Lawsuit Spurs Pledge of Allegiance Bill
In response to a lawsuit against a Monmouth County school district, a local lawmaker has introduced legislation to protect the Pledge of Allegiance in its current form and potentially reimburse any public entity that successfully defends the Pledge in court.
Under the measure from Assemblyman Ron Dancer (R-Cream Ridge), court costs and attorney fees could be awarded to a public body – a school or local government, for example - that prevails in fighting for the Pledge. The reimbursement would come from the plaintiffs, or those looking to change or discard the Pledge.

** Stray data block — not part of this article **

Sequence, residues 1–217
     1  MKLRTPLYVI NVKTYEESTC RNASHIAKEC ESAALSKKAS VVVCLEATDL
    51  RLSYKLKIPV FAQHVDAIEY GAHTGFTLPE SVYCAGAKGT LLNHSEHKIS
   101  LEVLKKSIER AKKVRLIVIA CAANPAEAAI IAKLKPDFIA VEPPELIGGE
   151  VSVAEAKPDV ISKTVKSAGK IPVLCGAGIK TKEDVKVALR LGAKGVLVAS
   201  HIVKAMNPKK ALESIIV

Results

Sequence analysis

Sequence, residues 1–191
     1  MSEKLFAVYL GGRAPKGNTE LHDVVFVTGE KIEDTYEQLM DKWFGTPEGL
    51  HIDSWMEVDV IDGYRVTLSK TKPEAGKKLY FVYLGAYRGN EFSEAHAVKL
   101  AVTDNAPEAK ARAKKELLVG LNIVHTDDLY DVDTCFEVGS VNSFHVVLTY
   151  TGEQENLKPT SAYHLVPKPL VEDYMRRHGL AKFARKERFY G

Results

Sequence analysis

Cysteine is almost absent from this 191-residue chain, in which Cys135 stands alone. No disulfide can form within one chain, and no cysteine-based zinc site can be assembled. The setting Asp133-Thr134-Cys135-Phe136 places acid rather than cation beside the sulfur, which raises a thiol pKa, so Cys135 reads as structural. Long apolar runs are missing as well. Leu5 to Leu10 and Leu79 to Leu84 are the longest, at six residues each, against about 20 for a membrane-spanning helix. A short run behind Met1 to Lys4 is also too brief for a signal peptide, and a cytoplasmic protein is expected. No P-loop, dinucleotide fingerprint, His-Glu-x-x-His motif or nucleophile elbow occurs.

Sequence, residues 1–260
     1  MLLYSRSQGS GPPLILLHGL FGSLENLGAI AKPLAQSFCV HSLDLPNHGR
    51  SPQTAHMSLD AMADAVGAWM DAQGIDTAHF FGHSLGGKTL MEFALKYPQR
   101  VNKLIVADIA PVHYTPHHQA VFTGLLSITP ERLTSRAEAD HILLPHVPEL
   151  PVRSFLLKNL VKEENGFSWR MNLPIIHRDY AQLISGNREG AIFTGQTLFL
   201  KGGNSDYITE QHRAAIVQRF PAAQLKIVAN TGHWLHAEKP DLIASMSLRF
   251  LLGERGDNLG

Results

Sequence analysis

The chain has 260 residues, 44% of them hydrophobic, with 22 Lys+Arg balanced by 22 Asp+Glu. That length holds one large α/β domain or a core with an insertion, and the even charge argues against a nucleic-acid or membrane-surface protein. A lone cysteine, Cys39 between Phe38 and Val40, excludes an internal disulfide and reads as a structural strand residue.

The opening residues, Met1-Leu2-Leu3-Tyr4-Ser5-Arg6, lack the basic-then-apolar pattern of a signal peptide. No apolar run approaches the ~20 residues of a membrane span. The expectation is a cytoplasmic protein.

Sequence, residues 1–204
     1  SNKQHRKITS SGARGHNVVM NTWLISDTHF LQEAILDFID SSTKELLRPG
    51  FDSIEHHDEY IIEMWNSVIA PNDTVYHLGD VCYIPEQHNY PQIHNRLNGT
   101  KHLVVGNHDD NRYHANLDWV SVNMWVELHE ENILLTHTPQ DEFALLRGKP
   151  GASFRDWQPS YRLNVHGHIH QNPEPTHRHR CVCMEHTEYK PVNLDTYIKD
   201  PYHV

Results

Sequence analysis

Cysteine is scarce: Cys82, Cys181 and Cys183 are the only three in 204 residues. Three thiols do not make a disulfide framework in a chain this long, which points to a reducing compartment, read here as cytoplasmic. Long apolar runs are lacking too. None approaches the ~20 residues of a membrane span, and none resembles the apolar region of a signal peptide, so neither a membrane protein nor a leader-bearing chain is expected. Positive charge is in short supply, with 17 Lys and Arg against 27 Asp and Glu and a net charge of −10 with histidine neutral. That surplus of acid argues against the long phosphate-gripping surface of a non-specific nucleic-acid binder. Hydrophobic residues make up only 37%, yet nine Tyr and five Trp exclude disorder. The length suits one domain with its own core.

“Our public tax dollars are better spent on students in the classroom than on attorneys in the courtroom,” Dancer said, noting there has not been one ruling against the Pledge in any federal district court.
“If anyone wants to remain silent during the Pledge of Allegiance, that’s their right,” he said. “But it is not their right to silence us and make us pay to defend a right that was paid for by the men and women of our armed services.”
An unnamed family, claiming the Pledge discriminates against children with atheist beliefs, has taken the Matawan-Aberdeen Regional School District to court, attempting to remove the words “Under God.”
A state Superior Court judge on Wednesday heard arguments on the school district’s efforts to dismiss the suit, but has not yet issued a ruling.
Dancer’s bill would also authorize the recitation of the Pledge at all public meetings in New Jersey.